Jan 5, 2020 – Emergency Sunday

I apologize for not making an entry yesterday. It is now Monday morning, and I am catching up. Sunday I worked an ER shift at the veterinary hospital. They called me in early because there was a doctor out. Sundays tend to be very busy, and there are 2 doctors scheduled. Yesterday I left home at 10 am, arrived at 11 am and was the only doctor until 8 pm. I worked from 11 am until 11:30 pm. I didn’t arrive home until nearly 1 am this morning.

Urinary catheter placed to relieve an obstruction in a male cat.

I have an amazing support staff at the hospital. We saw dogs in heart failure, dogs in kidney failure, dogs with unregulated diabetes, dogs with ear infections, two hunting dogs: one duck dog that had run across an oyster bed and cut up his feet, and a deer tracking dog that had been attacked by the deer that it had found. The deer attack dog had a punctured lung. We had oxygen cages full. We also had a male cat that had a blocked urethra so he couldn’t urinate. We were running bloodwork, placing IV catheters, taking radiographs, and managing medications.

We removed almost 3 ounces of urine from the cat’s bladder once the catheter was in place.

I tell you this to remind you to thank your veterinarians, firemen, human ER doctors and nurses, and anyone else who works a 12-hour shift on Sunday without stopping to eat so that you can have a valuable resource when you have an emergency. I usually have a single person who actually thanks us for being there overnight or on a Saturday or Sunday. Most complain about waiting or how expensive it is. It costs a lot of money to have staff who are willing to give their all on a weekend to help you out. Medical supplies are costly. The staff actually wants (and deserves) to be paid well.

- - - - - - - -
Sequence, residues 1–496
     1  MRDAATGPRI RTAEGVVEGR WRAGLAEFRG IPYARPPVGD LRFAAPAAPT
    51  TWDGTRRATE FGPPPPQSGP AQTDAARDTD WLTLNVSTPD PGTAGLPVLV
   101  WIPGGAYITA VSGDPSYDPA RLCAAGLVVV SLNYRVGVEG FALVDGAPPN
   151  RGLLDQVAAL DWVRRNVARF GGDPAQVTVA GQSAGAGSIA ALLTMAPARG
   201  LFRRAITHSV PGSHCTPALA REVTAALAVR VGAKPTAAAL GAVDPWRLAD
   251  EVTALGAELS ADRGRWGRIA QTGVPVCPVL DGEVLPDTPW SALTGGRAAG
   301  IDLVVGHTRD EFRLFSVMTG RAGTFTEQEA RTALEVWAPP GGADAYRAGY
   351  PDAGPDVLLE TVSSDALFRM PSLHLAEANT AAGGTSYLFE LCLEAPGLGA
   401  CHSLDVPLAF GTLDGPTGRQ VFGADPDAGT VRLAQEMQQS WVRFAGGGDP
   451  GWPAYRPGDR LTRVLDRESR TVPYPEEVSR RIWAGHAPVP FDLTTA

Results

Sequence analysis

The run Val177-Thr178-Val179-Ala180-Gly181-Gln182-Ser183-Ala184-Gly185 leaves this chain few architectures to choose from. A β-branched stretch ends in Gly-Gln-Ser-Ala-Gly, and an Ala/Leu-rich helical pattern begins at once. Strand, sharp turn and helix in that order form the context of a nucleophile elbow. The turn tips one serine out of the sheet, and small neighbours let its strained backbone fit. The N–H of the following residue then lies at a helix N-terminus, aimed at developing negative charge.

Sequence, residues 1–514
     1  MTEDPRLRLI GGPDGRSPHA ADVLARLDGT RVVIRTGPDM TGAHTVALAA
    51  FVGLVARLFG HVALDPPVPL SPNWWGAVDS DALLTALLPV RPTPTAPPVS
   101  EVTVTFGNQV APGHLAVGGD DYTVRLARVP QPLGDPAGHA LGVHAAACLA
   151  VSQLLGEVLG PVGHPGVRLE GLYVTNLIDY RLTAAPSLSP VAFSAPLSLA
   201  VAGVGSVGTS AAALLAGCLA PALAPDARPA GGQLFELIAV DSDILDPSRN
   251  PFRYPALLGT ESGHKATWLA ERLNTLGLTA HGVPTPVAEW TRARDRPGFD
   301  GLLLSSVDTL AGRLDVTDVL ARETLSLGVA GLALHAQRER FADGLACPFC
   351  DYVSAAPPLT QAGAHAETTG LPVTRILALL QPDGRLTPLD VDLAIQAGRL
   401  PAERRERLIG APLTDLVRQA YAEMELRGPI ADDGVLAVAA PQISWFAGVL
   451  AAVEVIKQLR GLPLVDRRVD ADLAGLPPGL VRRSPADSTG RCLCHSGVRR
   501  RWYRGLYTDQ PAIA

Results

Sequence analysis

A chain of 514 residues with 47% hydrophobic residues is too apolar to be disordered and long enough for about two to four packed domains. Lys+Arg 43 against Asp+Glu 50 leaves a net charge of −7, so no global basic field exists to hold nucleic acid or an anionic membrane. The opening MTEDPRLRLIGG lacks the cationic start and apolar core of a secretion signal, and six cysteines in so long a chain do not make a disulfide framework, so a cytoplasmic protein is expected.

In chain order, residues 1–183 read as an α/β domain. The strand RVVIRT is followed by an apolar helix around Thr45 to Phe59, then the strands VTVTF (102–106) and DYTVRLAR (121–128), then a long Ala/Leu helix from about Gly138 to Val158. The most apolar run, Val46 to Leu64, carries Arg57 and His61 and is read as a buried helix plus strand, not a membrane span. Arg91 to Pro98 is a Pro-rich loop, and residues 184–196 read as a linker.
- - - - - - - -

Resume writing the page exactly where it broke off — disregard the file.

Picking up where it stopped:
Deep pad laceration on a hunting dog.

My best advice to prepare for the cost of an emergency is to save money in an emergency fund. If everyone saved $20 a week in a separate account, they would be set up when the inevitable emergency occurs. Skip a Starbucks or bring your lunch. Be prepared so we can help you without the added stress of trying to save your pet on a budget.

Put back together with tension relieving sutures because this dog will be running on this before it is healed. We also applied a bandage to protect it and made the dog wear an e-collar (cone of shame) so he doesn’t chew it.

Ok – off my soapbox.

I actually read ahead in Genesis. Jan 5 = chapters 12-14, which I had read the day before. I don’t understand Abram in this reading. He went to Egypt because of severe famine. When he got there, he lied about Sarai being his wife because he was afraid they would kill him to take her. He lied rather than trusting God. But then, later, Lot gets carried away from Sodom by invading kings. Abram doesn’t even hesitate to gather up an army of trained men and attack the invaders to get Lot back.

Who is this man? Is he a coward or is he a battle leader? He’s both. When he lies, he is fearful and not trusting and believing in God as his protector and provider. When he is an army commander, he is relying completely on God to be his salvation and guardian.

We are the same. We can be strong and courageous one moment, and weak and cowardly the next. it’s all in how we see ourselves and if we truly believe that God is in control. The best part of this is that God loves us all the time. No matter how we are behaving. Isn’t grace beautiful?

I sent my eldest son back to college yesterday, and my middle and youngest are starting back to homeschooling today. We have a busy month preparing for livestock shows this month. This afternoon we are going to get a Jersey/Holstein bull calf at a dairy farm to be an additional nurse calf for the Jersey cow. This will reduce the need for me to milk the Jersey every day.

Sweet baby girl Jersey calf. She still needs a name…

When your weekend has been filled with work, Monday is actually a good day.

Happy Monday everyone!

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